National Transportation Safety Board opens investigation into fatal Tesla crash to see whether it reveals any systemic issues with driverless car technology

    Driver Automation to Be Scrutinized in NTSB Probe of Tesla Crash

    For years, U.S. investigators have been calling for more automation on motor vehicles, such as sensors that slam on the brakes to prevent a crash.

    At the same time, the National Transportation Safety Board, in its probes of transportation mishaps, has warned that such devices may also have a down side: the technology can confuse operators if it’s poorly designed or lead to complacency that breeds its own hazards.

    “It’s worth taking a look and seeing what we can learn from that event, so that as that automation is more widely introduced we can do it in the safest way possible,” O’Neil said.

    The crash was the first with a known fatality in more than 130 million miles of Autopilot driving, according to the carmaker.

  10. Tomi Engdahl says:

    Tesla reportedly eyes brakes in fatal Model S crash

    Tesla is considering two possible scenarios that would explain the fatal Model S crash in Florida, and according to Reuters and The New York Times, neither is about Autopilot. During a meeting with the US Senate Commerce Committee, the automaker reportedly presented two theories. First is the possibility that the car’s automatic emergency braking system’s camera and radar didn’t detect the incoming truck at all. The other theory is that the braking system’s radar saw the truck but thought it was part of a big structure, such as a bridge or a building. It’s programmed to ignore huge structures to prevent false braking, after all.

    If you’ll recall, the Model S in this incident collided with a tractor trailer while Autopilot was on.

    It’s worth noting that the automaker considers its braking system a separate entity from Autopilot, which is in charge of steering and changing lanes.

  11. Tomi Engdahl says:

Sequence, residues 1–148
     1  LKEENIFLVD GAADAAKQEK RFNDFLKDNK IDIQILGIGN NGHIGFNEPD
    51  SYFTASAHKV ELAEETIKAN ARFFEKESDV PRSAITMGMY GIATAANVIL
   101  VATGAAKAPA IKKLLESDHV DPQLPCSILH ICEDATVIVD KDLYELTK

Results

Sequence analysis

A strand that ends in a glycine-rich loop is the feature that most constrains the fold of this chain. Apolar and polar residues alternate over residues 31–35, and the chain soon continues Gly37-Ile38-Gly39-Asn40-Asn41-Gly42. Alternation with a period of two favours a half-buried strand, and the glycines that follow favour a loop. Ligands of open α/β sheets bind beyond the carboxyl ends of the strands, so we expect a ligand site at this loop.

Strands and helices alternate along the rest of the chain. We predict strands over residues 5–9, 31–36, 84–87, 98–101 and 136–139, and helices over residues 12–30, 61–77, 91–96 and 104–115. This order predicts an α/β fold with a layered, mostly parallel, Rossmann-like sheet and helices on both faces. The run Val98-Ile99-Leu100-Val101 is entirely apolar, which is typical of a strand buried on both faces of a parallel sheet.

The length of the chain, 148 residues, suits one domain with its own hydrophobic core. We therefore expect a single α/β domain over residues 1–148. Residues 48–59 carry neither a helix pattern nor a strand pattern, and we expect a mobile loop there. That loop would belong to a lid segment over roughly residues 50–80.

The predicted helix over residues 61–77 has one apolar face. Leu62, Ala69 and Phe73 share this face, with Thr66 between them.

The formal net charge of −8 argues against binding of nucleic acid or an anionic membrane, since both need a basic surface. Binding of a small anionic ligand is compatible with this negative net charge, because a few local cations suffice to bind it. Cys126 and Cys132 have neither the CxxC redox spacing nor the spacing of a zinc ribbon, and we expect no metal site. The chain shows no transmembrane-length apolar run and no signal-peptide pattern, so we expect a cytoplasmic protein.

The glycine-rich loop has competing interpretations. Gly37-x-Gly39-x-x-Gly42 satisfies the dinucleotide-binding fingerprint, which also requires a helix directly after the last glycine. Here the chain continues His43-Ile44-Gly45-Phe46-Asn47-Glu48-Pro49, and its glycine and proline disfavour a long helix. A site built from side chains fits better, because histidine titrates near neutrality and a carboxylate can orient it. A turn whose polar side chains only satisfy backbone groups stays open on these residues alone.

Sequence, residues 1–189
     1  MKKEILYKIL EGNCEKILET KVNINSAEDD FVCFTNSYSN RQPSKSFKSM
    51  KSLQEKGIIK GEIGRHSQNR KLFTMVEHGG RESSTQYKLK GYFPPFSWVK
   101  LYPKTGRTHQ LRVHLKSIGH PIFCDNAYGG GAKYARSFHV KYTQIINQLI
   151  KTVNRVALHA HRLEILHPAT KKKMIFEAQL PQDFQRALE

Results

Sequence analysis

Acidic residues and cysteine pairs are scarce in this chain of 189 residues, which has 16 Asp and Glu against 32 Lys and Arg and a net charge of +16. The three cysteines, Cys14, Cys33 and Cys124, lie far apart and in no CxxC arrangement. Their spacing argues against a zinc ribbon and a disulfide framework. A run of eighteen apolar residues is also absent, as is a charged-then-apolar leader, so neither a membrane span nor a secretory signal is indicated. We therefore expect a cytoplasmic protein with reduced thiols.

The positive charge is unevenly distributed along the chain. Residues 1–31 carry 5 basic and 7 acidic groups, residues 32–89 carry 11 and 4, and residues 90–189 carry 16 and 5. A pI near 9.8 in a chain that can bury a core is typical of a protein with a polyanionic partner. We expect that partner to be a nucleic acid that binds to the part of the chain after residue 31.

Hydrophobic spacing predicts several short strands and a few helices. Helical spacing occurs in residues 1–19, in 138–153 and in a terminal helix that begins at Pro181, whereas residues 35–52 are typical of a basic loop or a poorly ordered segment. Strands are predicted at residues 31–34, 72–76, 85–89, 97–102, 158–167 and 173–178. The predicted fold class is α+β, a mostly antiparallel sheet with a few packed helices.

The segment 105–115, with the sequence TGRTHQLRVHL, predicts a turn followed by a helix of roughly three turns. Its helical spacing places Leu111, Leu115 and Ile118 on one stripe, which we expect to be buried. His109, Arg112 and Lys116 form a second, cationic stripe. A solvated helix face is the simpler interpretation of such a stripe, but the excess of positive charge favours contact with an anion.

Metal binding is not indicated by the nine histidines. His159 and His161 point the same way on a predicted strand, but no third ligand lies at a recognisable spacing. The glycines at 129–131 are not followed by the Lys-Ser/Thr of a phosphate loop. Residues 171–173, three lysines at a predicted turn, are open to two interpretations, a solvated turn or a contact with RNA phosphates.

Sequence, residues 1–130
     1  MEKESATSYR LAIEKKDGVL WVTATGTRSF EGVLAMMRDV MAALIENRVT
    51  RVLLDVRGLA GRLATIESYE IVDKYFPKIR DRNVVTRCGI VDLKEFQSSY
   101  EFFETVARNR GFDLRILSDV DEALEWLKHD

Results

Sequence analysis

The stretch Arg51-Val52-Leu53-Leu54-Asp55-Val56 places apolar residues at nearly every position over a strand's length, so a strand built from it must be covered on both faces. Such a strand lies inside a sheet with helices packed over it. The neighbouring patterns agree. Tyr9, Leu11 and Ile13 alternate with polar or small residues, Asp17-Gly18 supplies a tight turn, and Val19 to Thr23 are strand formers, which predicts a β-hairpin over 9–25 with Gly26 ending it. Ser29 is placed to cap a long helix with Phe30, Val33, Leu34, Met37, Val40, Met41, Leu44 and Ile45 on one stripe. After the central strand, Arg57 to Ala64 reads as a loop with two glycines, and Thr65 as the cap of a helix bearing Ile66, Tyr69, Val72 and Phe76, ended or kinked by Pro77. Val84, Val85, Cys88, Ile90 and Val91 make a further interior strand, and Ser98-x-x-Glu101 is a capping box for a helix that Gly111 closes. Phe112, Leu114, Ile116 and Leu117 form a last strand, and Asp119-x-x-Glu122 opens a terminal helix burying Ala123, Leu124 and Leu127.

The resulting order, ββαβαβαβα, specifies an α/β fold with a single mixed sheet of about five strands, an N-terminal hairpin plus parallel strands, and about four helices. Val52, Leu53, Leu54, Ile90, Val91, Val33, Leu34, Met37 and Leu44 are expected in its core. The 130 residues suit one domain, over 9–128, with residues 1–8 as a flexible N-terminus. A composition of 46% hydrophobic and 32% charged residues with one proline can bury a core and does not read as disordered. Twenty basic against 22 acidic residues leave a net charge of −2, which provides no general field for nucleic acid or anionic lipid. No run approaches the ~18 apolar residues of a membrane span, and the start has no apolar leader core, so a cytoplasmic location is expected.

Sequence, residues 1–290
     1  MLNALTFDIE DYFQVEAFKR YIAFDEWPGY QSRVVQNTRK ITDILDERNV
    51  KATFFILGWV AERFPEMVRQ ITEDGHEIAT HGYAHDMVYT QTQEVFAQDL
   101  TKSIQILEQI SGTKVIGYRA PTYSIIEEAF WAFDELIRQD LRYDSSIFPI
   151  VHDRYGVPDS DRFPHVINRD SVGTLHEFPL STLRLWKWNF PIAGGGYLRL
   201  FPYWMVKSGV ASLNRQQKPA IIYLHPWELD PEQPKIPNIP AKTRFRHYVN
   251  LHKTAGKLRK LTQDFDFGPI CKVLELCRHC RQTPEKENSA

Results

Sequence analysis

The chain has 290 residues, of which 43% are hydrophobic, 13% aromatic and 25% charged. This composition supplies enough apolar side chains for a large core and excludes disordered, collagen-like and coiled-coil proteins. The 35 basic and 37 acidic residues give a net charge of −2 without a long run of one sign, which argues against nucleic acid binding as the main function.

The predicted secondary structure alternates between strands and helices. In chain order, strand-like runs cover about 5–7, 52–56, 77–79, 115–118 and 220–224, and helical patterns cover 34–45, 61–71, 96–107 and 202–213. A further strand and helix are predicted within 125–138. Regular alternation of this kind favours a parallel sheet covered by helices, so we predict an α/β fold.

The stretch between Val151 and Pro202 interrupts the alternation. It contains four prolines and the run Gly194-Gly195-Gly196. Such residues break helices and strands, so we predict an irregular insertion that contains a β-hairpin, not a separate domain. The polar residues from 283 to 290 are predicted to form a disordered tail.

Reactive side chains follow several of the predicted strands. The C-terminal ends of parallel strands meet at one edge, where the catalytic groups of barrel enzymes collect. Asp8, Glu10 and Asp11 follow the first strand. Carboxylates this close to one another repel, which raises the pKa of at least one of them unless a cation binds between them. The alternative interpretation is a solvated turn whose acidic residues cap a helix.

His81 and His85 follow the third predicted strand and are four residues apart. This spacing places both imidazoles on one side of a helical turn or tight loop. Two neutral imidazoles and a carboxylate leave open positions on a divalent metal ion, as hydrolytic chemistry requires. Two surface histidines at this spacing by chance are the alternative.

Tesla Owner In China Blames Autopilot For Crash

    The owner of a Tesla Motors Model S sedan in China reportedly said his vehicle crashed into a car on the side of the road while the vehicle’s Autopilot system was engaged, but the automaker said the driver was using the system improperly. Luo Zhen, 33, of Beijing told Reuters that his vehicle collided with a parked car on the left side of a highway, damaging both vehicles but injuring no one.

    Tesla owner in China blames Autopilot for crash

  12. Tomi Engdahl says:

    NTSB: Tesla in fatal crash was speeding with Autopilot on

    The Tesla’s Autosteer lane-keeping assistance and traffic-aware cruise control system was engaged

    The National Transportation Safety Board (NTSB) today released a preliminary report that details the circumstances of the fatal accident involving a Tesla Model S driving with its Autopilot engaged.

    The accident, which took place May 7 in Williston, Fla., was the first known fatal crash involving a vehicle using an advanced driver assistance system (ADAS) based on computer software, sensors, cameras and radar. The all-electric Tesla hit the side of an 18-wheeler that turned left in front of it. The impact sheared away the roof of the Model S and killed Joshua Brown, 40, of Canton, Ohio.

    Tesla has been at the center of a media feeding frenzy since it revealed the accident

    The NTSB report stated that Tesla system performance data downloaded from the car indicated that the Model S’ speed just before impact was 74 mph, nine miles an hour over the speed limit on the four-lane, divided highway. The Autopilot’s Autosteer lane-keeping assistance and traffic-aware cruise control system was engaged at the time of the crash.

    “The car was also equipped with automatic emergency braking that is designed to automatically apply the brakes to reduce the severity of or assist in avoiding frontal collisions,” the report said.

    As the result of the impact with the truck, the Tesla’s battery “disengaged from the electric motors that were powering the car.

    After exiting from underneath the semitrailer, the car coasted at a shallow angle off the right side of the roadway, traveled approximately 297 feet and then collided with a utility pole,” the report said. “The car broke the pole and traveled an additional 50 feet,

    Tesla said that neither Autopilot nor the driver noticed the white side of the tractor trailer against a brightly lit sky, so the brakes were not applied.

    The accident remains under investigation.

    “NTSB investigators will continue to analyze [the] data, and use it along with other information collected during the investigation in evaluating crash events,”

    While Tesla’s Autopilot ADAS uses cameras and radar, the carmaker hasn’t yet embraced LiDAR (Light Detection and Ranging) technology, which uses lasers to create 3D scans of objects around a vehicle.

  13. Tomi Engdahl says:

    Self-driving Tesla SUV saves Branson man’s life

    BRANSON, Mo. (KY3) The future is coming, actually, it just drove into the driveway.